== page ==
"He is a person hiding from justice. What is happening with runaways, who are reentering the country and found by the authorities? They must be caught and sent to a prison … He may face up to 30 years in jail", the deputy judge said.
He added that the prosecution was currently analyzing the possible crimes committed by Guaido.
At the same time, Guaido, who is currently in Colombia, told Colombian broadcaster NTN24 that he was going to return to Venezuela, despite the risk of being arrested.
In January, Venezuelan Prosecutor General Tarek Saab announced his intention to conduct an investigation into Guaido and asked the Supreme Court to implement a travel ban. US National Security Adviser John Bolton has said that Washington condemns Venezuelan prosecutors for threatening Guaido.
On 22 February, Guaido arrived in the Colombian border city of Cucuta, where the so-called humanitarian aid from the United States and a number of other countries was being collected, in order to help deliver the supplies to Venezuela, despite the fact that the legitimate government has refused to accept the aid. While the attempt to forcefully bring the aid into Venezuela failed, Guaido stayed in Colombia to take part in Monday's meeting of the Lima Group in Bogota.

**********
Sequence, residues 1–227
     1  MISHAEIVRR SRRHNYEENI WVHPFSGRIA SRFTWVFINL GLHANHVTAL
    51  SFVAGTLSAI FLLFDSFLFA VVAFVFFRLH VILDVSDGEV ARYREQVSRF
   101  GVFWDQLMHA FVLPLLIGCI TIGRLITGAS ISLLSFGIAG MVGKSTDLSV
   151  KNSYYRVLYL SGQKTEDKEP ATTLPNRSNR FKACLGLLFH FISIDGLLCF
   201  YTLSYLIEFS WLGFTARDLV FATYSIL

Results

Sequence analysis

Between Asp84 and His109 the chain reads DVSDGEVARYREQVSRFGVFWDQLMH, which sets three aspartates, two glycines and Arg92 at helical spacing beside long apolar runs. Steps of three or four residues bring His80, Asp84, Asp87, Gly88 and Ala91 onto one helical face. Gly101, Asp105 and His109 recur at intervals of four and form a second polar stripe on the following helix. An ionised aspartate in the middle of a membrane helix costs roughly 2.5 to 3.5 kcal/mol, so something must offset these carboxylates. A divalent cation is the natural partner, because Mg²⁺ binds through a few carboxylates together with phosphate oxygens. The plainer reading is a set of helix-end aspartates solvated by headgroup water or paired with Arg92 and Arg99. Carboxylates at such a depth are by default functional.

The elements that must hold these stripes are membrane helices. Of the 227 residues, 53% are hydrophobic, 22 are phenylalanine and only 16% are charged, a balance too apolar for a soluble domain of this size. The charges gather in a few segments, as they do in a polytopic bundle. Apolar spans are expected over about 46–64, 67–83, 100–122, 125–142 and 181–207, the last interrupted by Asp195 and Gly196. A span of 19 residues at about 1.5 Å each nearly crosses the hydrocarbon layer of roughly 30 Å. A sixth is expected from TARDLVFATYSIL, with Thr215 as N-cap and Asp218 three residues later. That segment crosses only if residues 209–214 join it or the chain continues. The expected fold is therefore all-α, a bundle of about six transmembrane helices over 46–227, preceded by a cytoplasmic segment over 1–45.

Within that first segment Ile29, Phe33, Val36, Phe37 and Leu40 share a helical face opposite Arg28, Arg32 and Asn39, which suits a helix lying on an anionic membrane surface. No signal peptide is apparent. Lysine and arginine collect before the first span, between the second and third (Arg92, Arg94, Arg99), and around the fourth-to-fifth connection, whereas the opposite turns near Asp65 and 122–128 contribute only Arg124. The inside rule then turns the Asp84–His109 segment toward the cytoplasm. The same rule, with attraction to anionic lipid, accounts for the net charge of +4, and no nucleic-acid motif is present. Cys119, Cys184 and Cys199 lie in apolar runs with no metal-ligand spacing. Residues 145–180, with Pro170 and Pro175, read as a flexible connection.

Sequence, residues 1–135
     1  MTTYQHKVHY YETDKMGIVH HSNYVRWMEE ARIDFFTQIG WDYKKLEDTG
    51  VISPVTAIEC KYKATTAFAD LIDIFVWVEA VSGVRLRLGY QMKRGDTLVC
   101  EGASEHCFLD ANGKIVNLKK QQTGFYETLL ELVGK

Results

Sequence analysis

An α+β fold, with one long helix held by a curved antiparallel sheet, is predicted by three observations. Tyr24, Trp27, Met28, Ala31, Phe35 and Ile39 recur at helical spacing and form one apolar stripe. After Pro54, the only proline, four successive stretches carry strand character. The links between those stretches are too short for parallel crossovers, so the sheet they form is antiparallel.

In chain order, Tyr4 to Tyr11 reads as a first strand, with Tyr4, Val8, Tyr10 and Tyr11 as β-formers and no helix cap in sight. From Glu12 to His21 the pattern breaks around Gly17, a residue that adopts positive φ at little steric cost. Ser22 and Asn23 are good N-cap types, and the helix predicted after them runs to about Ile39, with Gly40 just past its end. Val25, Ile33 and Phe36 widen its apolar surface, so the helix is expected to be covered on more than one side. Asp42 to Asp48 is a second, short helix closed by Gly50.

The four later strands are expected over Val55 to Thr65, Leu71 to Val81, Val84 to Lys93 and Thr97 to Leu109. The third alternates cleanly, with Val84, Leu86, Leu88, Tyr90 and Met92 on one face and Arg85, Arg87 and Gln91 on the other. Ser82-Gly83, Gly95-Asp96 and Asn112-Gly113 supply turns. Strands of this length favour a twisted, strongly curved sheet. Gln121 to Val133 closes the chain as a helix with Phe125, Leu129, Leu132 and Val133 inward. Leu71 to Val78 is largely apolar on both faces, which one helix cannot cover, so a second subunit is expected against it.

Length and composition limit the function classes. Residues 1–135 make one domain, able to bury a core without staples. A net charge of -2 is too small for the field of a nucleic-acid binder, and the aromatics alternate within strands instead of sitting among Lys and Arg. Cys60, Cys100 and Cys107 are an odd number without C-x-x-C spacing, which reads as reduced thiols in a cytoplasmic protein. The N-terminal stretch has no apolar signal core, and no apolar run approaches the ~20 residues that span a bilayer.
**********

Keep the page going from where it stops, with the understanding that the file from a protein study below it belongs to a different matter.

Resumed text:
Venezuelan Vice President Delcy Rodriguez had dismissed allegations of a humanitarian crisis in the country, noting that international law provides for deliveries of foreign humanitarian aid only in cases of natural disasters and armed conflicts.
The United Nations and the Red Cross have urged Washington not to politicize humanitarian assistance and not to deliver aid without the consent of the Venezuelan government.
Venezuela is currently going through a political crisis. On 5 January, Guaido was elected as the president of the opposition-controlled National Assembly, which all other government branches have refused to recognize since 2016. On 23 January, two days after the Venezuelan Supreme Court annulled his election, Guaido declared himself the country's interim president. Incumbent President Maduro, who was sworn in for his second presidential term on 10 January after winning the May election, which part of the opposition boycotted, called Guaido's move an attempt to stage a coup orchestrated by Washington.
The United States immediately recognized Guaido as Venezuela's leader, after which some 50 other countries followed suit. Russia, China, Cuba, Bolivia and a number of other states have, in the meantime, voiced their support for the legitimate government of the constitutionally elected Maduro. Mexico and Uruguay have refused to recognize Guaido, but have declared themselves neutral and promoted a crisis settlement via dialogue.